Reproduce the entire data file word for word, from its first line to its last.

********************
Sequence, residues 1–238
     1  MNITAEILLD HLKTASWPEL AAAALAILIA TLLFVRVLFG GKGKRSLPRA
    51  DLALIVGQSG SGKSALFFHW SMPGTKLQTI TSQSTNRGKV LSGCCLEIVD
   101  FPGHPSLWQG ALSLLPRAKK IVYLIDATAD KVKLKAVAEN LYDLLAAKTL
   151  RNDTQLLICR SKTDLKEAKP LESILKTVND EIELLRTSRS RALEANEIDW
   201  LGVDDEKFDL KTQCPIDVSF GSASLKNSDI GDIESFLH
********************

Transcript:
Sequence, residues 1–238
     1  MNITAEILLD HLKTASWPEL AAAALAILIA TLLFVRVLFG GKGKRSLPRA
    51  DLALIVGQSG SGKSALFFHW SMPGTKLQTI TSQSTNRGKV LSGCCLEIVD
   101  FPGHPSLWQG ALSLLPRAKK IVYLIDATAD KVKLKAVAEN LYDLLAAKTL
   151  RNDTQLLICR SKTDLKEAKP LESILKTVND EIELLRTSRS RALEANEIDW
   201  LGVDDEKFDL KTQCPIDVSF GSASLKNSDI GDIESFLH